One night, we camped by the river so that we could go out into the darkness and observe the elvers with our headlamps. During the day, we measured the river and did math to try to estimate how long it would take one elver to travel 500 feet; we tried to figure how much distance one leptocephalus larva could possibly cover floating on the Gulf Steam currents from the Sargasso Sea to our river.

 

Despite these painful conversations, I am holding on to hope. Because two young boys, in the quiet time of a global pandemic, fell in love with slithery eels.

 

As spring gave way to summer, my sons were diligent about not putting on sunscreen or any kind of bug dope before going to the stream to splash about. We had learned that chemicals in the water will kill these delicate creatures.

My eleven-year-old, a patient and quiet soul, found that he could sit in a pool to cool off, his back against a rock, water flowing all around him, as dark elvers wriggled up the damp face of the rock to the next pool; they were so close they almost touched his arm. After each elver passed, he would take his hand and gently drip some more water onto the rock to make it a bit damper for the next.

When other masked families came, my sons taught their children about elvers. They designed a T-shirt to help raise awareness for these small, endangered, and overfished creatures, and they asked me to contact Maine Audubon for help.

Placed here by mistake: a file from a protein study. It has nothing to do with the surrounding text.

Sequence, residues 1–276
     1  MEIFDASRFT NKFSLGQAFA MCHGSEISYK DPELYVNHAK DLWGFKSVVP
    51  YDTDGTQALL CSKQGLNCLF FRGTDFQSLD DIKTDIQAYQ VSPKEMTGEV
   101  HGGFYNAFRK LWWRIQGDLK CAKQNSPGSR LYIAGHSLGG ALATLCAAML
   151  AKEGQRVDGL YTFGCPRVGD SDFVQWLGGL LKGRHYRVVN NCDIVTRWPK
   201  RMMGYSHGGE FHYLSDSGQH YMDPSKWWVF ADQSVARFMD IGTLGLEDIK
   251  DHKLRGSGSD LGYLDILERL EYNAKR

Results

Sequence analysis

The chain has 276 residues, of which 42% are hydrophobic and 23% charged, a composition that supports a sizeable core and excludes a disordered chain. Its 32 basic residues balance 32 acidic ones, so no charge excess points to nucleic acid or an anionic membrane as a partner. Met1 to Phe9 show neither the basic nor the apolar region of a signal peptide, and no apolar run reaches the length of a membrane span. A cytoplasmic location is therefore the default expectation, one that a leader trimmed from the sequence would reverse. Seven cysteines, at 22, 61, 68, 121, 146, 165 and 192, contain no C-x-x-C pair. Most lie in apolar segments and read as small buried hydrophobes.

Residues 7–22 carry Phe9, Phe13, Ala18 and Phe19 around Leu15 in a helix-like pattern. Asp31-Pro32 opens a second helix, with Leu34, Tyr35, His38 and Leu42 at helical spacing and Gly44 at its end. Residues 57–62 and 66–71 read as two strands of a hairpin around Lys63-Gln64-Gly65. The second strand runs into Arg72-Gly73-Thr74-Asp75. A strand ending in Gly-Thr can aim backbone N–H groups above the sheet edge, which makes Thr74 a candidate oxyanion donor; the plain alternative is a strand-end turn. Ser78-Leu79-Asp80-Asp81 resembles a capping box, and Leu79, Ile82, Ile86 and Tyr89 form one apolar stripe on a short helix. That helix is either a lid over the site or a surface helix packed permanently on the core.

At night, I read aloud the sections about “Anguilla” from Rachel Carson’s Under the Sea Wind and the more recent Book of Eels by Patrik Svensson.

When fall arrived, my sons were delighted to see a female silver eel making her way back down the stream and into the saline water. They imagined her starting the long journey to the Sargasso Sea under moonlight, and they hoped she would make it safely.

A year later, we are all still home. It is April, and a cold wind spits rain and snow onto our daffodils, but the stream has finally thawed. Every morning we make a pilgrimage to its banks and lean down to peer into the water. We are hoping to see new babies making their way up the rocks, into the pools, and disappearing into the dark, watery caves. So far, only one has arrived.